DOVER — The detention of a local restaurateur from the Middle Eastern country of Lebanon for human rights violations is a shock to those who’ve known him for decades.
Amer Fakhoury, 56, allegedly commanded a military battalion guarding a notorious detention camp in the 1980s and 1990s and served as a senior warden at the Khiam Prison in southern Lebanon, which was run by an Israeli-backed Christian militia known as the South Lebanon Army, according to international reports.
It was announced on Facebook earlier this month that Fakhoury’s business, Little Lebanon To Go on Central Avenue in Dover, would be closed for three weeks so that he and family might vacation in Lebanon. It was noted on Facebook that it was their first trip to Lebanon in 15 years.
But when Fakhoury arrived at Rafic Hariri International Airport in Lebanon he was met by the local authorities. The Lebanese security officer could not arrest Fakhoury because a judicial arrest decision had been withdrawn, but his American passport was seized and he was detained.
After hearing on Thursday about Fakhoury’s return to Lebanon, former inmates joined demonstrators outside the Ministry of Justice in Beirut, calling him a “butcher” and saying he used to direct orders for the torture of inmates. They called for his public hanging.
Gov. Chris Sununu met Fakhoury and his wife, Michelle, during a cook-off close to two years ago at Lydia’s House of Hope in Somersworth.
Sununu’s spokesman, Ben Vihstadt, said on Tuesday that the governor’s office has been in touch with the federal delegation and will be kept apprised on any and all developments in Fakhoury’s case. Sununu is of Lebanese descent.
U.S. Sen. Jeanne Shaheen, D-NH, has been in contact with the U.S. Department of State and is monitoring the situation closely, according to Press Secretary Sarah Weinstein.
To residents in the city of Dover, the stories out of Lebanon are in discord with the patriotic, God-loving Christian they know.
In addition to the restaurant, Fakhoury is active in the local political scene. Resident Phyllis Woods described him as a conservative American who cared deeply about his community.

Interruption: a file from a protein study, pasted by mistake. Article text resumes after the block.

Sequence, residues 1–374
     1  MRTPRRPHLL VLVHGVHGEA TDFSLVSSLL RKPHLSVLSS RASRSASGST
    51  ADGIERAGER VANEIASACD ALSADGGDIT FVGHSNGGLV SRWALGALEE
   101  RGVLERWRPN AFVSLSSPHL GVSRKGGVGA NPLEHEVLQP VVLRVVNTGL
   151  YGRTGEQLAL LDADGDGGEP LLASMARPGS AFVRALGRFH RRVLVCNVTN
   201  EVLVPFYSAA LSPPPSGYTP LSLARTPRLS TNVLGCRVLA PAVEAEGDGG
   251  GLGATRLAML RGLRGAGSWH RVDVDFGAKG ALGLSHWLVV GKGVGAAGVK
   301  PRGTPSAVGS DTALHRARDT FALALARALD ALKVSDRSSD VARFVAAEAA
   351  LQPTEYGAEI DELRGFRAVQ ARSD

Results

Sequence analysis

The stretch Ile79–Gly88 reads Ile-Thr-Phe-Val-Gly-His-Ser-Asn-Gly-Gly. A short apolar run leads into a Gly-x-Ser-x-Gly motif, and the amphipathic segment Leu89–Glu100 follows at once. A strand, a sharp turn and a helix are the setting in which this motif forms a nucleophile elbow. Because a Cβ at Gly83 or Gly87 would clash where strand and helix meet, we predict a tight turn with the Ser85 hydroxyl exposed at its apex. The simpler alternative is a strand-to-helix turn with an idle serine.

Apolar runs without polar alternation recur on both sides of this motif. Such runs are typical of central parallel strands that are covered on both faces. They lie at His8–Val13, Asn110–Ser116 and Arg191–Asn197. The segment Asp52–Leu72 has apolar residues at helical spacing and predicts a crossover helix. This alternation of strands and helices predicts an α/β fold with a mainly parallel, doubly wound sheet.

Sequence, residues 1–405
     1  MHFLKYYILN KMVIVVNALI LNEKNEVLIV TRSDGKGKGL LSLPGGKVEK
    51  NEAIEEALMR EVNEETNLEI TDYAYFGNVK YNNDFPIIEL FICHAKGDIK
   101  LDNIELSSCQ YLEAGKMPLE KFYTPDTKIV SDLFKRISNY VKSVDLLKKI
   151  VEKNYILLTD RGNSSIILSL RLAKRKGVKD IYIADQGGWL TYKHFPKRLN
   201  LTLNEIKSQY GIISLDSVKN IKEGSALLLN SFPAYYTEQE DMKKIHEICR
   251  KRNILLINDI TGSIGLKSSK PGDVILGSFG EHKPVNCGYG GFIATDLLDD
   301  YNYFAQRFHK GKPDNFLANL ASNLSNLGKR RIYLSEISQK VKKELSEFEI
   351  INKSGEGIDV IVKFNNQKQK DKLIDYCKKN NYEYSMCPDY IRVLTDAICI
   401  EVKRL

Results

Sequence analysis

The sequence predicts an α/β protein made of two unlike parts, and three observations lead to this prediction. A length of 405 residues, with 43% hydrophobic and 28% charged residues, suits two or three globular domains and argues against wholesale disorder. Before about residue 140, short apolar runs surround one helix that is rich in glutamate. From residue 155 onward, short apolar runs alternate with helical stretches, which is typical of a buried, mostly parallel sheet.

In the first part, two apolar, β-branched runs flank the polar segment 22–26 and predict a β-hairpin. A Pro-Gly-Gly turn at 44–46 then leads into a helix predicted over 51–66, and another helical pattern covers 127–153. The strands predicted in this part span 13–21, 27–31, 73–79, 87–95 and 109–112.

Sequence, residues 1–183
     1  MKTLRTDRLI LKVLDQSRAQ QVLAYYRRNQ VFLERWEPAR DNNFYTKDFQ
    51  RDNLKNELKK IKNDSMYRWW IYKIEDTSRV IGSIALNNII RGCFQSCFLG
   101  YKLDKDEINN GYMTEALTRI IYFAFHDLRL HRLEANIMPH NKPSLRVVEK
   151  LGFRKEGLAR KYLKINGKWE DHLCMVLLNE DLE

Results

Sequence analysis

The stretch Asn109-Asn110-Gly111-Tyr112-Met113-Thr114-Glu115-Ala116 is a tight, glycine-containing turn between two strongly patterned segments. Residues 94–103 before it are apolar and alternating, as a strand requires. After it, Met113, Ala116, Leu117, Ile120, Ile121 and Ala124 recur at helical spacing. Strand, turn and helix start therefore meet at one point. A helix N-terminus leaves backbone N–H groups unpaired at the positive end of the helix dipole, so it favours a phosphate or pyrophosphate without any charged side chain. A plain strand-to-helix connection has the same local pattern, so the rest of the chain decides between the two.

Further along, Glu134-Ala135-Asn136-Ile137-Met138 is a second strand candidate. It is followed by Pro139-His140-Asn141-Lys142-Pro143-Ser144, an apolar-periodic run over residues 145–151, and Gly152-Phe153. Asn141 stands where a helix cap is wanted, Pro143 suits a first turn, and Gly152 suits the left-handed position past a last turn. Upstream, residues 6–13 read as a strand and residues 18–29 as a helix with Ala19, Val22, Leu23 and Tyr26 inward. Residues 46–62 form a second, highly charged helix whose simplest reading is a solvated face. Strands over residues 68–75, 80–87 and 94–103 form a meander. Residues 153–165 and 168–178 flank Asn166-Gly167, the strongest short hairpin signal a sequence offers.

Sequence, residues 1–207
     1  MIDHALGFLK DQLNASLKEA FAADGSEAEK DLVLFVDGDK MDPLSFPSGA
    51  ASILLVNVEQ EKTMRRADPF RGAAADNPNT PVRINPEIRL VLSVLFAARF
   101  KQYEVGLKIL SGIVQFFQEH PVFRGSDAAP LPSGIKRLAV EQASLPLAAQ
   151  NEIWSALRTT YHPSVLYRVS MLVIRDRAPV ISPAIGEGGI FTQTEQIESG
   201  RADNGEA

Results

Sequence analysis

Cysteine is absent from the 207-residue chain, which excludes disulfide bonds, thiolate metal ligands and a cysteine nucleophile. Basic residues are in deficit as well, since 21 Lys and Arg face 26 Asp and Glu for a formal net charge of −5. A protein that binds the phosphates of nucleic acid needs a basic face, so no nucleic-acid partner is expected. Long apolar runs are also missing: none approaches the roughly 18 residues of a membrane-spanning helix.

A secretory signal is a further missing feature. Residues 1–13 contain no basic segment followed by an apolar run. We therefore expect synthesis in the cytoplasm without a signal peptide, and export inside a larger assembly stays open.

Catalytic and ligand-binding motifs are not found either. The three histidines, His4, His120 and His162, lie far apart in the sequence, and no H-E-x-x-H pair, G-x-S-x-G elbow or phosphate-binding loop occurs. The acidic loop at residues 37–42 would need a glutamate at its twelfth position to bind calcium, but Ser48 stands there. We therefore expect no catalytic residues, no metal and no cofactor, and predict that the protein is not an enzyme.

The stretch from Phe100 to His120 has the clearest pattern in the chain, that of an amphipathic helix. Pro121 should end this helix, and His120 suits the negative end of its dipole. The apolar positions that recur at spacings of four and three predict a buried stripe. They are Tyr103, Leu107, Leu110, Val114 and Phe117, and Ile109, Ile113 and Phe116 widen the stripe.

“I have a very difficult time believing he would be involved in any type of human rights violation,” she said Tuesday.
Woods said people in the church community have known about what happened to Fakhoury since Sunday and are praying for the safe return of him and his family.
“It’s very scary. He’s in a very bad place,” Woods said.
Resident Matt Mayberry also knows Fakhoury through local Republican events.
“He loved it when people got engaged,” Mayberry said.
Mayberry described Fakhoury as a person who “smiled easily and often” and was simply pursuing the American dream with his wife and children.
Ron Cole is a writer for Foster’s Daily Democrat and interviewed Fakhoury for one of his columns. Cole said Fakhoury never mentioned being involved in any sort of military operations, but did say he grew up in South Lebanon and had many friends in Israel.
Cole recalled being told Fakhoury’s family was fearful while living in Lebanon because there would be people banging on their door. However, Cole was just as shocked as other members of the Dover community when he heard the news.
“He was a well-respected businessman in Dover,” Cole said.
A Lebanese judge issued an arrest warrant for Fakhoury on Tuesday, but postponed his questioning pending permission from Lebanon’s Bar Association for an American lawyer to attend, according to media reports.
The Khiam prison was run by the South Lebanese Army and held an estimated 5,000 prisoners over its lifetime. The detention center was abandoned when Israel left southern Lebanon in 2000, according to Al Jazeera. Israel and Lebanon have technically been at war since the Jewish state’s founding in 1948.
No date has been set for Fakhoury’s next hearing.